Winner Port of Tacoma - “General Central Peninsula Stormwater Improvements Project”
Over the years the Port of Tacoma has invested millions of dollars to remediate historical contamination from heavy industry in the area, restoring tideflats ecosystems and wildlife habitats once designated as Superfund sites. The port has now been working with EPA and state agencies to avoid recontamination from polluted stormwater runoff from its diverse properties, including rail yards, marine terminals, manufacturing and road networks. Project goals were met by bringing together a team from engineering, environment, commercial and finance sectors to design and test multiple treatment approaches. Innovative site-specific stormwater treatment approaches have significantly reduced pollutants using cost-effective construction and maintenance. This technology can be adapted to other ports as well.
Stakeholder Awareness, Education and Involvement
Winner Port of New Orleans - “Trash Free Waters Project”
The Port of New Orleans instituted a four-month pilot project as part of EPA’s national “Trash Free Waters” program to reduce litter and debris. A diverse stakeholder task force launched initiatives such as a “Keep It Clean” campaign, additional truck route receptacles, decorative drainscapes, innovative waste reduction and recycling strategies and floatable pollution and mitigation technologies. The involvement of port tenants and operators, government agencies and community organizations established a valuable model for building and strengthening relationships for future collaboration on complex issues.
Winner Port Fourchon - “Beach and Dune Restoration Utilizing Geotubes”
Port Fourchon designed this project to restore approximately a mile of fragile beach and headland ravaged by several tropical storms and hurricanes. A 10’ diameter fabric mesh Geotube filled with sand was laid along the shore and supplemented with additional sand on top and at its base to form a dune and beach platform. This construction protects a unique wetlands area and wildlife habitat and provides storm surge protection to the port and the Gulf of Mexico’s critical energy infrastructure such as oil and gas pipelines. Following completion of the structure phase completed in 2013, the Greater Lafourche Port Commission partnered with Nicholl’s State University’s Department of Biological Sciences to design plantings to help stabilize and sustain the project. As these plantings become established, they help eliminate maintenance costs and provide valuable research information for future projects.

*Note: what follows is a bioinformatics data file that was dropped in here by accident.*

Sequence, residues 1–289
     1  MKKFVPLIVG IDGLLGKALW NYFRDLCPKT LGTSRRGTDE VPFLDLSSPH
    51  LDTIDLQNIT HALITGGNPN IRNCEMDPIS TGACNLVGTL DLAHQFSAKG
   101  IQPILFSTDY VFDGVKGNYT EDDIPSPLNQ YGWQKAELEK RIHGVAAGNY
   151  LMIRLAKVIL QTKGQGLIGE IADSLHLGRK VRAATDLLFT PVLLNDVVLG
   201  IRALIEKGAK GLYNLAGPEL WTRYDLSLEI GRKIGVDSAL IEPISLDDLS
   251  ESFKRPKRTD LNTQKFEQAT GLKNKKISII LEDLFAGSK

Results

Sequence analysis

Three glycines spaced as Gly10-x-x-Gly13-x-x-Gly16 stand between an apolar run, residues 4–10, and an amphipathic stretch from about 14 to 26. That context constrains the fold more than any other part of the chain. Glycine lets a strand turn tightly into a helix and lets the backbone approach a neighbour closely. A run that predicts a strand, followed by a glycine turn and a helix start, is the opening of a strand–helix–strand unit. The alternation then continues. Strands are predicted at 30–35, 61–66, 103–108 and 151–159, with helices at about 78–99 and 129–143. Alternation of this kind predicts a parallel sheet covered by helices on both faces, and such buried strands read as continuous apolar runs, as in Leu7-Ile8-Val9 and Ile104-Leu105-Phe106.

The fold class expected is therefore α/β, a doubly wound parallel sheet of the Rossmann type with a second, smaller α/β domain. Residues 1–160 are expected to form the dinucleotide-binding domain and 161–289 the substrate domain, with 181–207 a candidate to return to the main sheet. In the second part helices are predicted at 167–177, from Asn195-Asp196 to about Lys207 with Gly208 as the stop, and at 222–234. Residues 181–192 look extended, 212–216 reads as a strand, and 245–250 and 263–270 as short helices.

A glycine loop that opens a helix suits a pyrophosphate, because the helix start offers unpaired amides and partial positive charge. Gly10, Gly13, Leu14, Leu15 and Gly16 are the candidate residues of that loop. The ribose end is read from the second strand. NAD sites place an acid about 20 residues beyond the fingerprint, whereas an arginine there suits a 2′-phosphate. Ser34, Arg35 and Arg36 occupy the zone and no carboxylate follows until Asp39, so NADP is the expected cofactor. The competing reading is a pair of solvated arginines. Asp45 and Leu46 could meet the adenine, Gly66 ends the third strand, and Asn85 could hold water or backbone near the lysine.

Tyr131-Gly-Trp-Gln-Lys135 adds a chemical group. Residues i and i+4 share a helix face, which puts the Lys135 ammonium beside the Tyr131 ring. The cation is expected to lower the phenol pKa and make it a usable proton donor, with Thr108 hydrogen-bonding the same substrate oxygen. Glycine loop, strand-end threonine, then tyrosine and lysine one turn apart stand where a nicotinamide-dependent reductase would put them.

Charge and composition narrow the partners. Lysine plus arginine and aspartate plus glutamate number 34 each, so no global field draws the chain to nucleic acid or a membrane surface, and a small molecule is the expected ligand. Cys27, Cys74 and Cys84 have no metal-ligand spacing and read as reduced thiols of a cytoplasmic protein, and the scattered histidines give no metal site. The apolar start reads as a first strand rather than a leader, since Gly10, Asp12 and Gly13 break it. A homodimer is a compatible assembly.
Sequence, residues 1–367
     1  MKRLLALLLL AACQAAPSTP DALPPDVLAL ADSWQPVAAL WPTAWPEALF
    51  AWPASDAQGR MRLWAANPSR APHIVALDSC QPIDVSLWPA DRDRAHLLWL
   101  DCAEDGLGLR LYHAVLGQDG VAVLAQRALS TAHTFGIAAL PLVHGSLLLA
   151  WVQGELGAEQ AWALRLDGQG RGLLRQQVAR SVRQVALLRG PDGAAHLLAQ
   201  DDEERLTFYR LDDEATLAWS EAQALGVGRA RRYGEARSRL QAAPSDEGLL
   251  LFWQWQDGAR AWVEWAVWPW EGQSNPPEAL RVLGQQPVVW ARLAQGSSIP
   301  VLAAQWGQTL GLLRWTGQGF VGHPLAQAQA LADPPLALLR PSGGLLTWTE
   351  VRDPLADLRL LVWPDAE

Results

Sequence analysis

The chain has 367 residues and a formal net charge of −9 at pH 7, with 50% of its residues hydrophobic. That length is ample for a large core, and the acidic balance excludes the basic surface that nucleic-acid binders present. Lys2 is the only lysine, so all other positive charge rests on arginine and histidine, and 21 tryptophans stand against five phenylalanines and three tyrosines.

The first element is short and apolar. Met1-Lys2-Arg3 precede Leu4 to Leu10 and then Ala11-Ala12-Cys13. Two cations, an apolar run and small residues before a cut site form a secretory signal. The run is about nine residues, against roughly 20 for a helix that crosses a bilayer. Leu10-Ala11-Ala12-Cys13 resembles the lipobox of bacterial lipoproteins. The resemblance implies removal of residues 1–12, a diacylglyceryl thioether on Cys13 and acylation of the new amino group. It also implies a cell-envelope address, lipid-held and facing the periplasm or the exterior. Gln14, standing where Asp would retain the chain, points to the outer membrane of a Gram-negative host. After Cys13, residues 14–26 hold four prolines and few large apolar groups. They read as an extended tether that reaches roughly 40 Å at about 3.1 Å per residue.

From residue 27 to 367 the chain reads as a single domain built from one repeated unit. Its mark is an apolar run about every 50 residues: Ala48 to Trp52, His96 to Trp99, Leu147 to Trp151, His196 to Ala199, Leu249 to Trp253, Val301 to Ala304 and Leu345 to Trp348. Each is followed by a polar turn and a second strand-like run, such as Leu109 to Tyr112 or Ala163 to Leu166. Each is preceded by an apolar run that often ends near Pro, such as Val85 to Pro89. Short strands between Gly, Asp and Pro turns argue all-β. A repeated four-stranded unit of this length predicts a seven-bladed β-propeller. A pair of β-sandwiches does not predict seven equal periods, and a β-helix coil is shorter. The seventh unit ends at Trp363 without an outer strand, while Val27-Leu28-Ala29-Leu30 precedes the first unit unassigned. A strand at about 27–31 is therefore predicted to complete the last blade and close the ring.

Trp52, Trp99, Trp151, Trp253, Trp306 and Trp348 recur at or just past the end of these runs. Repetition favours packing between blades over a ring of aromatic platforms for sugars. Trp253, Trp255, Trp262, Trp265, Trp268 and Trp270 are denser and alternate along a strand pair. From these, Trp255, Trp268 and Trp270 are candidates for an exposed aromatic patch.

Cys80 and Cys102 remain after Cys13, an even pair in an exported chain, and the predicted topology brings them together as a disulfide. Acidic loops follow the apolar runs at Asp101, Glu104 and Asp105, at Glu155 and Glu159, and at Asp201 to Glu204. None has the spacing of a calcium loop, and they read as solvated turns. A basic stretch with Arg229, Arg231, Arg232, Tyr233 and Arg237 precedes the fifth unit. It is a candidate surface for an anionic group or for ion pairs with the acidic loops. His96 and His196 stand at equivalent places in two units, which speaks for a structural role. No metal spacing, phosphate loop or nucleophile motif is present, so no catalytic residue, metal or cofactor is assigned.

Winner Port of Long Beach - "West Anaheim Street Improvement Project"
This project provided major improvements in a gateway link from the I-710 corridor to the ports of Long Beach and Los Angeles. An initial outreach program helped assess the needs of port tenants, local business, and the general community to minimize construction impact. Repair of a deteriorating stretch of pavement that handled a high volume of traffic, including heavy-duty trucks serving the ports, was expanded to include better stormwater management and pollution reduction, improvements to sidewalks and bus stops, improved pedestrian and handicapped access, new LED streetlights, and installation of drought-tolerant landscaping for medians and parkways with over 100 new trees. Sustainable practices even included stockpiling and recycling of removed pavement. As the first in a series of public works at the port, this 14-month project provides a model of sustainable design and enables the core infrastructure to meet the needs of the world-class port that it serves.